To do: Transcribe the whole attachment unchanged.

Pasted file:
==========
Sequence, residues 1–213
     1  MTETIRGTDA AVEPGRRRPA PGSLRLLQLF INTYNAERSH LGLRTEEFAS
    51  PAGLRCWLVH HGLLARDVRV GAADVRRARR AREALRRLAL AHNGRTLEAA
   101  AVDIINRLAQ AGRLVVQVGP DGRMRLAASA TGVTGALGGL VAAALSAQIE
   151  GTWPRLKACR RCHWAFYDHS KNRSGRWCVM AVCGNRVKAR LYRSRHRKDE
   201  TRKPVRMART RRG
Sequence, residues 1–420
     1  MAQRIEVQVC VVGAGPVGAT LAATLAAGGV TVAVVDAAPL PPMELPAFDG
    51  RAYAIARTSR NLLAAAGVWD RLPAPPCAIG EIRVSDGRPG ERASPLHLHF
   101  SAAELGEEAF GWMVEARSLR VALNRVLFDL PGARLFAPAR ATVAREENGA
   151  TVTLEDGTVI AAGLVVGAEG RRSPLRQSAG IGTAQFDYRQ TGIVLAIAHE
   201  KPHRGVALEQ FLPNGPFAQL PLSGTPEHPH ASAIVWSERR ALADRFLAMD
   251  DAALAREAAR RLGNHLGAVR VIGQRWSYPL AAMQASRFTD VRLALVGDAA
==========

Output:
Sequence, residues 1–213
     1  MTETIRGTDA AVEPGRRRPA PGSLRLLQLF INTYNAERSH LGLRTEEFAS
    51  PAGLRCWLVH HGLLARDVRV GAADVRRARR AREALRRLAL AHNGRTLEAA
   101  AVDIINRLAQ AGRLVVQVGP DGRMRLAASA TGVTGALGGL VAAALSAQIE
   151  GTWPRLKACR RCHWAFYDHS KNRSGRWCVM AVCGNRVKAR LYRSRHRKDE
   201  TRKPVRMART RRG
Sequence, residues 1–420
     1  MAQRIEVQVC VVGAGPVGAT LAATLAAGGV TVAVVDAAPL PPMELPAFDG
    51  RAYAIARTSR NLLAAAGVWD RLPAPPCAIG EIRVSDGRPG ERASPLHLHF
   101  SAAELGEEAF GWMVEARSLR VALNRVLFDL PGARLFAPAR ATVAREENGA
   151  TVTLEDGTVI AAGLVVGAEG RRSPLRQSAG IGTAQFDYRQ TGIVLAIAHE
   201  KPHRGVALEQ FLPNGPFAQL PLSGTPEHPH ASAIVWSERR ALADRFLAMD
   251  DAALAREAAR RLGNHLGAVR VIGQRWSYPL AAMQASRFTD VRLALVGDAA